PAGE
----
Razorfish is not known for creating divisions dedicated to advertiser verticals, but when it came to healthcare and pharmaceuticals, it made an exception. The new Razorfish Health is the second agency initiative in a matter of weeks to launch with a focus on digital marketing services for pharma brands. Take it as another sign that agencies spot an opportunity among health and pharma brands, who remain particularly reluctant to explore social media.
“What we’ve seen in healthcare in particular is it’s an industry at a really interesting tipping point,” said Katy Thorbahn, GM of Razorfish Health. Thorban has headed up Razorfish’s healthcare-centric Philadelphia office, which is home to Razorfish Health. Because of its proximity to several pharma and healthcare companies in Pennsylvania and nearby in New Jersey and Delaware, the Philadelphia office has served almost as a de facto healthcare-focused agency for the past 13 years since Razorfish began serving the market from that convenient location.
“All of our major healthcare clients were coming to us with [similar] challenges,” said Thorbahn. Among the most concerning is social media. Especially for pharmaceutical brands, Facebook, Twitter, blogs, and health condition-related forums represent a thick forest of unknowns. Perhaps their biggest worry is how to monitor user generated media for mentions of their brand names and reports of negative side effects of their drugs. They also question how often they’ll need to revisit Web sites where they’ve spotted relevant posts.
Though the Food and Drug Administration is in the process of developing long overdue guidance on these issues, many in the sector don’t expect a clear set of rules. In the meantime, people are talking about their drugs and products at a near-constant rate online; plus, pharmaceutical firms realize they need to develop new ways of communicating with physicians in digital environments.
“No one seems to be expecting any real guidance to come from the FDA,” Thorbahn said.
Agencies like Razorfish Health and recently-launched Pixels and Pills hope their digital and social media expertise will assist pharma and healthcare brands, whom they believe can no longer afford not to listen to and engage in social media. Razorfish has centered its social media discipline on what it calls “Social Influence Marketing,” and has developed metrics for measuring the value of social media interactions.
The company has shifted some members of its social influence marketing team to focus exclusively on health and wellness clients. “That’s an area we’re able to really focus our [social influence marketing] guys – directly on health and wellness,” said Thorbahn. “They’ve already been steeped in [social media.]”
Razorfish serves around 50 advertisers it includes in the health category, which encompasses not only pharmaceutical companies such as Genentech, but insurance firms like Aetna, along with fitness and nutrition advertisers, and other segments. While many of those health clients are currently serviced out of the Philadelphia office, those that aren’t won’t need to establish a connection at the official Razorfish Health office there to continue working with the company. As for the two non-health clients currently working with the Philadelphia team, they will have the option of continuing their work there. The Philadelphia office has around 130 people on staff, according to Thorbahn.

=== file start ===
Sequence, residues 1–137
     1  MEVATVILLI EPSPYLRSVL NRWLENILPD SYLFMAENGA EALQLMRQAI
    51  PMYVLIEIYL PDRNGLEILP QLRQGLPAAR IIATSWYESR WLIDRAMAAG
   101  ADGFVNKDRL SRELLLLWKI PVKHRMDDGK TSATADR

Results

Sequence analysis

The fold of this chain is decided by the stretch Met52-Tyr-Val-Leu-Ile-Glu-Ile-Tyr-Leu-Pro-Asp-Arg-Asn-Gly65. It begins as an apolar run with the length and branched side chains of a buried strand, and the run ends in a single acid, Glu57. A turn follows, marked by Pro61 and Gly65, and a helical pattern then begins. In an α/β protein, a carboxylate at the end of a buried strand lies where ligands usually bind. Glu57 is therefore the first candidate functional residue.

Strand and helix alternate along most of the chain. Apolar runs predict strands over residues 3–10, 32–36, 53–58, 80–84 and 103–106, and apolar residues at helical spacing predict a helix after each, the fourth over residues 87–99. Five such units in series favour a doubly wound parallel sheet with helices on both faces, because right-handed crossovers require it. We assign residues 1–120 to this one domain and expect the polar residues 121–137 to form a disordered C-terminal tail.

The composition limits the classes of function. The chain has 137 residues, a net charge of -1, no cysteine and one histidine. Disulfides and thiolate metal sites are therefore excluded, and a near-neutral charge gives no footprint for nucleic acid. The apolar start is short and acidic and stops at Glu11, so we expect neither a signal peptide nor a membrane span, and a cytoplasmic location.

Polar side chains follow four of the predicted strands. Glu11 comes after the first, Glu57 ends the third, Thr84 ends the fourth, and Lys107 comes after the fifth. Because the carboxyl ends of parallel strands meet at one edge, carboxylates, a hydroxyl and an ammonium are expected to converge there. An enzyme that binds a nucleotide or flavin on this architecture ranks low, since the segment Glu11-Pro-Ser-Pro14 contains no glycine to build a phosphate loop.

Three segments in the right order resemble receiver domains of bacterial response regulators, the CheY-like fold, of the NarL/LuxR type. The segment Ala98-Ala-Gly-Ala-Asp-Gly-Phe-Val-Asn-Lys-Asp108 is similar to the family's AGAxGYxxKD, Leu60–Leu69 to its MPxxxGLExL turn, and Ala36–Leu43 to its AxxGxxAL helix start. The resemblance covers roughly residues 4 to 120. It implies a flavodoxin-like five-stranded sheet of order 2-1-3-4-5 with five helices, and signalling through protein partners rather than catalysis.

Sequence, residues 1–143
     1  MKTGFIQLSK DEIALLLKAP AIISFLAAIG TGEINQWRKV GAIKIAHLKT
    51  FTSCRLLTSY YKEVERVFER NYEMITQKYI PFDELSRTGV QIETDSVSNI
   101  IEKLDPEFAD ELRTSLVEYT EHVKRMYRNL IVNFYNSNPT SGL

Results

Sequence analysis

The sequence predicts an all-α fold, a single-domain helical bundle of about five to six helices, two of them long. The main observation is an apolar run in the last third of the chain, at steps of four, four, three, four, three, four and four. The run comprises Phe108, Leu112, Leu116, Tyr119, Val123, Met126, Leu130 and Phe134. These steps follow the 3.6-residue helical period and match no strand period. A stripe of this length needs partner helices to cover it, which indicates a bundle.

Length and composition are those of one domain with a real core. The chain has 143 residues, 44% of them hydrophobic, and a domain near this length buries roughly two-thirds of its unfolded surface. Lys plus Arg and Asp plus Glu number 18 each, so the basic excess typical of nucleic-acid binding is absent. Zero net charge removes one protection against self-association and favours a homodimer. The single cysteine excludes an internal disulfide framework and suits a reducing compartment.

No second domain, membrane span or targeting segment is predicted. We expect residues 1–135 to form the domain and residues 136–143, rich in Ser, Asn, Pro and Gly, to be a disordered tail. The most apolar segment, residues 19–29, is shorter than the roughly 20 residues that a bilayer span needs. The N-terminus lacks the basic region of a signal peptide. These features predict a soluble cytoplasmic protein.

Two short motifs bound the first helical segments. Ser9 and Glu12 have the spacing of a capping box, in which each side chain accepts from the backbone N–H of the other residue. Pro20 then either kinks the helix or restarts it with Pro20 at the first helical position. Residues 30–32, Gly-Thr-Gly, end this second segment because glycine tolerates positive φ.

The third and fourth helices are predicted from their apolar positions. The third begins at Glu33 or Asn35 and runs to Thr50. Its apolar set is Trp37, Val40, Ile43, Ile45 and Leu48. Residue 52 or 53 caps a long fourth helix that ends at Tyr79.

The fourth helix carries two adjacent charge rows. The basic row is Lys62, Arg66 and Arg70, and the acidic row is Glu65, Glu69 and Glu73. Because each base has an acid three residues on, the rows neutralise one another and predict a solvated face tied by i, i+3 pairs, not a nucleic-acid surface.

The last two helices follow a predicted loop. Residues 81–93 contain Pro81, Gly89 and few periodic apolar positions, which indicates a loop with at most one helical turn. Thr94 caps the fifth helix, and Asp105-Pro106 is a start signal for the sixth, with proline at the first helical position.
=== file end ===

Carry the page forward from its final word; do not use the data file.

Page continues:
Razorfish parent company Publicis also includes Digitas Health, and Saatchi & Saatchi’s healthcare agencies in its Publicis Healthcare Communications Group.
Last month digital agency Zemoga and pharma agency Palio officially launched Pixels and Pills, a joint service that also aims to help drug marketers navigate digital media.
Coincidentally, at launch, both agencies unveiled a tool for tracking social media conversations around health related topics. The Health Tweeder, a research tool from Pixels and Pills, aggregates recent Twitter posts about disease states and related topics including sleep disorders, cancer, HIV, and gastroenterology. Razorfish Health’s takes a broader approach with its Health Conversation tool, which tracks posts on Twitter, Digg, and other social sites about health conditions, in addition to posts on sports and fitness, diet and nutrition, and even emotions.
“We hope it becomes a gateway to a larger conversation with a client,” explained Thorbahn, adding the tool could convince clients that social discussions affecting their brands and businesses “are not in the dark corner somewhere; it really is happening, and it is happening at a volume that you really have to know about.”
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